A 13-year-old male recently presented to our clinic with an interest in soft contact lenses. He is a student and plays soccer on his junior varsity team. His spectacle Rx was right eye –6.50 –0.50 x 180 and left eye –6.50 –0.50 x 180. Central simulated K readings were similar in both eyes—43.00 (7.85) @ 180 and 44.00 (7.65) @ 90—and his horizontal visible iris diameters (HVIDs) were 11.8mm in both eyes.

Now…this looks like a pretty straightforward case to prescribe one of our many daily disposable soft contact lenses; but, let’s take a closer look at this from a slightly different perspective. This 13-year-old is already a moderate myope. If we correct this adolescent’s foveal refractive error with a soft lens of –6.25D, he will most likely see a clear 20/20. However, we must keep in mind that the minus lens power in his daily disposable soft lenses will increase from the geometric center of the lens to the periphery. Figure 1 shows how a –6.00D soft contact lens will have a dioptric power of –6.00D in the center and –7.50D at a chord of 6.8mm. This increase in the mid-peripheral minus power brings the rays of light to focus posterior to the retina, resulting in a hyperopic defocus (Figure 2). Today, we know that hyperopic defocus is a rather strong stimulus for the eye to further increase its axial elongation. A closer look at Figure 1 shows that the amount of induced hyperopic defocus increases as the myopic lens power increases.

Figure 1. The increase in minus power from center to periphery for lenses with powers of –3.00D, –6.00D, –9.00D, and –12.00D.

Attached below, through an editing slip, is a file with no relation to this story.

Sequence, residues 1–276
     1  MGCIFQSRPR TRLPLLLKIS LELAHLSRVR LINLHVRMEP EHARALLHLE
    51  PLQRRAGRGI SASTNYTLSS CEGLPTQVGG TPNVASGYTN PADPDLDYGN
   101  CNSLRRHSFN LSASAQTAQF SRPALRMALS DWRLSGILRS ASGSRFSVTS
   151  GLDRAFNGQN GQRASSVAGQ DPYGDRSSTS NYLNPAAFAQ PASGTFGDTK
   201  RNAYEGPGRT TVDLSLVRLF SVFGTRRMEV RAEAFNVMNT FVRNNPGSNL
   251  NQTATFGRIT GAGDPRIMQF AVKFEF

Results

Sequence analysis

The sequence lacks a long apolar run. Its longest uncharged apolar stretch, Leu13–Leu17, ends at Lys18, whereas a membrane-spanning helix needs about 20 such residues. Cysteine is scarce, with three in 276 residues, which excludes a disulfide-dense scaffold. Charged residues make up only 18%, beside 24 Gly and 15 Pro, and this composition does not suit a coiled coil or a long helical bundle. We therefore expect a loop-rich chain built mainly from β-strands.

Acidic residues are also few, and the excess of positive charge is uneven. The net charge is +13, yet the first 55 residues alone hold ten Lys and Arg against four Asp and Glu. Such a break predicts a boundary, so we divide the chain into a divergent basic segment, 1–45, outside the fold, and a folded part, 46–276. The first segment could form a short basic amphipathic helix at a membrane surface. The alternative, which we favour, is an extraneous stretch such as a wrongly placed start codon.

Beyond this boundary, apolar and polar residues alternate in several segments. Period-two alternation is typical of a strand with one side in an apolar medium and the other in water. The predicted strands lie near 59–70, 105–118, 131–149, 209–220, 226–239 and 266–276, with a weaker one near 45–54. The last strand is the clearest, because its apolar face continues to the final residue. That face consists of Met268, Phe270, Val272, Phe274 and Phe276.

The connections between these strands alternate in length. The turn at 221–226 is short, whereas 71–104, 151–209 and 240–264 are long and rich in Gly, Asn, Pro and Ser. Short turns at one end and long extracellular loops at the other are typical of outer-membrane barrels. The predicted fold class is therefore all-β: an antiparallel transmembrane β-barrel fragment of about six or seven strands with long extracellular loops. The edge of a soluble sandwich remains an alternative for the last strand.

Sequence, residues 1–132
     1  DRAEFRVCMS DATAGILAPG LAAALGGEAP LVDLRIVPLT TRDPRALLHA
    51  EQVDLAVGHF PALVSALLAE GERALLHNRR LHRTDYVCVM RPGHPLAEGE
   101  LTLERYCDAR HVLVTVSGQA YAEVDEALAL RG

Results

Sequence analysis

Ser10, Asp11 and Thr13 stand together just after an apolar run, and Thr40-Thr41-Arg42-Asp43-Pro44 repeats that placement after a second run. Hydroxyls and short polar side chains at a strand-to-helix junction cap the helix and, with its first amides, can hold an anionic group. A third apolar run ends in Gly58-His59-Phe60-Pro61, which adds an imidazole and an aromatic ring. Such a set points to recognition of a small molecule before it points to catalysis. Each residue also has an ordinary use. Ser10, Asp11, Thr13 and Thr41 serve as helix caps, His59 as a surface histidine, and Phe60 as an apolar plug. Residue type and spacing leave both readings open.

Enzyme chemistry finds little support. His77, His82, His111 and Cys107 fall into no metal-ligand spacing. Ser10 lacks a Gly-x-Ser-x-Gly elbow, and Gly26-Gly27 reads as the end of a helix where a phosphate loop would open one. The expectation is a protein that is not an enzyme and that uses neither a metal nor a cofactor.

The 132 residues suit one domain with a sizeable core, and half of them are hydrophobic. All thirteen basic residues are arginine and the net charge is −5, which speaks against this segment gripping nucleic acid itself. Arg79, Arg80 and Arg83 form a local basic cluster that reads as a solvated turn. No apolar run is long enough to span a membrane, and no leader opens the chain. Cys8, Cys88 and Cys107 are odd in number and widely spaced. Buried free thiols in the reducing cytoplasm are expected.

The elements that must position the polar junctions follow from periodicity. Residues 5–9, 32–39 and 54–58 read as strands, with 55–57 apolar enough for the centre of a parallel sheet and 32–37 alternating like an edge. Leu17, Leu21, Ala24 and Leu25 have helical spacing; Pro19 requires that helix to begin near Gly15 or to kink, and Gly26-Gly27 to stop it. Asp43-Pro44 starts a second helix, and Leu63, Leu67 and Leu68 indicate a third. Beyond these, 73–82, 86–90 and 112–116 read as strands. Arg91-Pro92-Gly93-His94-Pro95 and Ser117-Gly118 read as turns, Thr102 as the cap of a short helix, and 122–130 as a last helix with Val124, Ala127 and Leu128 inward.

Figure 2. The peripheral hyperopic defocus created by traditional daily disposable soft contact lenses.

Look Beyond Refractive Error

Therefore, the question now is, what soft contact lens might be best for this 13-year-old? From an optical perspective, we would suggest a center-distance multifocal soft contact lens with a central correction of –6.25D and a peripheral add power of approximately +1.50D. This lens design will simultaneously correct both the individual’s foveal and peripheral refractive errors, resulting in a more desirable myopic defocus (Figure 3). Figure 4 illustrates the optical changes of plus-powered lenses from the geometric center of the lens to the periphery.

Figure 3. The myopic defocus created by a center-distance multifocal soft lens that corrects both the foveal and peripheral refractive errors.

Figure 4. The increase in plus power from center to periphery for lenses with powers of +3.00D, +6.00D, +9.00D, and +12.00D.

This case illustrates how modern myopia research has influenced our prescribing of soft lenses in younger patients who have progressive myopia. Therefore, what started out as a clear case for traditional daily disposables (that increase in minus power from center to periphery) dramatically changed to a multifocal soft lens design that incorporates some myopia-controlling optics. CLS